What makes living in Nepal so different from our life in the USA? So, so much!
We started our day with the crowing of neighborhood roosters. This is how we ended the day before, and also how we spent the night, since the roosters never stop crowing. Also, the sounds of bells ringing (Hindu worship rituals in the morning and evening), merchants selling their wares off of carts (“Maachaa…. Machaa…” Fish, fish!”), and the sounds of metal shopfronts opening up. We wake up on quite hard beds, as they are cotton stuffed sleeping mats on wooden platforms. The first person up goes out and across the street for milk, which is ladled out of a large bucket still warm into a plastic bag. Back home, the milk is used to make “chiya”, or Nepali spiced milk tea/chai. For breakfast we generally ate fried bread and egg, (M ate bread and jam and boiled egg).
Grocery shopping is done sporadically each day. If you need eggs for the morning, you go out on the street and find someone buying eggs. Same for bread, vegetables, juice, rice, spices, everything. Everyone has a small refrigerator, but as the electricity goes out for several hours a day, no one likes to leave things in there long. I didn’t see any leftovers sitting around and certainly didn’t see any freezers. Many people hire a “washing didi” to come and do their laundry, but my family had a small washing machine that they connected to a hose and used every four or five days. No one has dryers… clothes are hung out to dry on the roof or balconies. We had a vacuum, and brooms for sweeping of course. (The brooms there look like Harry Potter brooms though!)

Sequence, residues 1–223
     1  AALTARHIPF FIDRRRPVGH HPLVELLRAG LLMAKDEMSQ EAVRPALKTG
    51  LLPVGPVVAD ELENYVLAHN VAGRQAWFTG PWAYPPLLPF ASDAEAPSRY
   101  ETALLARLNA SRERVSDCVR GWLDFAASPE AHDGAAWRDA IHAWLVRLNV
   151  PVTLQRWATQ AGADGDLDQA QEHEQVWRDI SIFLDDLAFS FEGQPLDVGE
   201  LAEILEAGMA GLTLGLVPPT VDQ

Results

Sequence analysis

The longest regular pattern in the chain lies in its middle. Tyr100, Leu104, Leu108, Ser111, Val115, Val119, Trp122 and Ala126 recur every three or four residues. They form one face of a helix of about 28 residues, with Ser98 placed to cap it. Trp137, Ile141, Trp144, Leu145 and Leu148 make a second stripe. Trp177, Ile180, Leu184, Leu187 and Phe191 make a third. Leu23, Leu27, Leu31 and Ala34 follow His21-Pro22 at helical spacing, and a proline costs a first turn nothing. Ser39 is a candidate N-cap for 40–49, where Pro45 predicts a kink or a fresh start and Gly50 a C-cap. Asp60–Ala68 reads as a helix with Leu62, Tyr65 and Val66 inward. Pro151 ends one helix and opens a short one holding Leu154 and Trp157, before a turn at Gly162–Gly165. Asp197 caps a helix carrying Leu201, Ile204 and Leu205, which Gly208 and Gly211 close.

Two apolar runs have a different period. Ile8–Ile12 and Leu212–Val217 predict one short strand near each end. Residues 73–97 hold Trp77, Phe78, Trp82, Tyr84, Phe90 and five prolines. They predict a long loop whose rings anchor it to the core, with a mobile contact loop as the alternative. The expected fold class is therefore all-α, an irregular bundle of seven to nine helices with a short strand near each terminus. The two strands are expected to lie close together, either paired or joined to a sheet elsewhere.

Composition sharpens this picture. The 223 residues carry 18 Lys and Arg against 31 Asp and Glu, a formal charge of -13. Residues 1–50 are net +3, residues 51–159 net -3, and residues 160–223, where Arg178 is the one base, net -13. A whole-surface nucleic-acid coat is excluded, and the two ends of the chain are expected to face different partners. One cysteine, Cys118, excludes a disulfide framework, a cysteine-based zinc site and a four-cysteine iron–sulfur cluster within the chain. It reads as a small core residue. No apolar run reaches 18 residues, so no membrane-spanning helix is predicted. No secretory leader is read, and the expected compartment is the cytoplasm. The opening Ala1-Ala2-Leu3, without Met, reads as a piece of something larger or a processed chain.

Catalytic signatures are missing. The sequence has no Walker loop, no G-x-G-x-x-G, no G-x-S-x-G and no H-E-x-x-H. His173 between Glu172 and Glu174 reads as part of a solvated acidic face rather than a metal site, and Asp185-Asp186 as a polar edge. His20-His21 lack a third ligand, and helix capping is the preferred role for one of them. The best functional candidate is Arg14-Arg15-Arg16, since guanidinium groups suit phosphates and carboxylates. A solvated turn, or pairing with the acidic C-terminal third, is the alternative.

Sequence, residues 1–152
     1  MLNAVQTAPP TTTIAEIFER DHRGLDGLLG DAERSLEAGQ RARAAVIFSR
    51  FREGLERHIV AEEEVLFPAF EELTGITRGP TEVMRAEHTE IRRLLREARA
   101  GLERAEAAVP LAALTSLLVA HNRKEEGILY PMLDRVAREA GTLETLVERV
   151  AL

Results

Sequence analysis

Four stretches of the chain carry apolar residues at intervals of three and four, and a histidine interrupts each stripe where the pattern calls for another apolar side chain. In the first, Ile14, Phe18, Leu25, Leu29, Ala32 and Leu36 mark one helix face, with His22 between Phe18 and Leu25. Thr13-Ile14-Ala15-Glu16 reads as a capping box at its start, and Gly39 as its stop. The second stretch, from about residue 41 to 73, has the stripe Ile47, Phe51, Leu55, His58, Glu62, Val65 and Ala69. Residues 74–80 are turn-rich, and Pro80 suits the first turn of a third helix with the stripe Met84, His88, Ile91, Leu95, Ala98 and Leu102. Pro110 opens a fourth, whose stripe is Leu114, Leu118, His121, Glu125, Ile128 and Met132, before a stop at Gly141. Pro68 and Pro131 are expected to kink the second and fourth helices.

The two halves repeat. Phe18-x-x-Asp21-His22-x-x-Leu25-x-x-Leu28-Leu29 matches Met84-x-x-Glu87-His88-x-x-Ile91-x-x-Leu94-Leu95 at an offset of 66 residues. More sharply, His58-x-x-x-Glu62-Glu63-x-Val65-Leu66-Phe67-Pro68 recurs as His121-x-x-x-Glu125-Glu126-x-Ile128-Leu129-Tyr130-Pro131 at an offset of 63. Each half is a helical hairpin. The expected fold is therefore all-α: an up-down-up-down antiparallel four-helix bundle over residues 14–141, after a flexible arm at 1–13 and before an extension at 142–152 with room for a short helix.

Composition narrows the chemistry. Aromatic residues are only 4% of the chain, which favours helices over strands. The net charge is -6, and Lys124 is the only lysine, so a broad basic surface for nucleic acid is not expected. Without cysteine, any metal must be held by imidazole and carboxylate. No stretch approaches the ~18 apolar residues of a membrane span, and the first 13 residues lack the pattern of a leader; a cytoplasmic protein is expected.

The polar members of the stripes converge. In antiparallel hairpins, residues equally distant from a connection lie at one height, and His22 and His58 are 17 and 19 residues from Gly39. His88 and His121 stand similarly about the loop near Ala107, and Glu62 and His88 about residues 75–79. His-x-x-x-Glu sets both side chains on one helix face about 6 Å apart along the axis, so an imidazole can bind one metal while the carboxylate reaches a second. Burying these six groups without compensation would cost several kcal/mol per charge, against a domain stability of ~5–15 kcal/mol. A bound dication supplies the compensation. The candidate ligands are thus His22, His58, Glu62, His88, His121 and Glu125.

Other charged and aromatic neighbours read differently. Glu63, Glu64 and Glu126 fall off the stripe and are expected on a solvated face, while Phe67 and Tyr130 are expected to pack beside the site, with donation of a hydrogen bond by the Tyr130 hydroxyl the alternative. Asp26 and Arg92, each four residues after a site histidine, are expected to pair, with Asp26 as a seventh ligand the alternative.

Some people have ovens, I think, but most just have stove ranges, even portable electric stove ranges. Rice, daal, and curried meat and vegetables are made in pressure cookers, frying pans, or sauce pans. Spices like ginger and garlic are bought fresh and ground up in mortar and pestles, and everyone has a small tray of spices they fill as needed with cumin, coriander, turmeric, and so on. Besides daal bhaat, we also ate homemade pasta dishes (chow mein) and fried rice dishes. My family used a corn millet with the rice to bulk it up. Also popular is roti, fried bread pancakes, rolled out on a small rolling table with a rolling pin and fried in a pan, and momo, steamed dumplings stuffed with different fillings and dipped in a sauce. Plates are more like tin platters with edges, and tin cups are also popular. Rice is eaten with the right hand, yes as soupy as it is, and the fingers are used to mix up all of the different things on the plate. (I still prefer to eat with a spoon… just how I am!) Tea is made loose leaf in a sauce pan, and poured into each cup through a strainer.
Water (cooking, drinking, bathing, and washing)
Many places have running water, and many do not. My best friend’s place had running water, with a water heater affixed to the shower heads, but my family’s home did not. To bathe there, we heated water on the stove and filled basins with that. Then I squatted in the bathroom and poured it over myself. M sat in the basins to bathe. We used purified water to wash dishes, brush teeth, and bathe in. The water is collected in a huge cistern on the roof, and then transferred to smaller cisterns in the kitchen, where iodine drops or chlorine is used to purify it. For drinking, large jugs of distilled water were delivered frequently to the house (about 75 rupees apiece, less than 70 cents USD).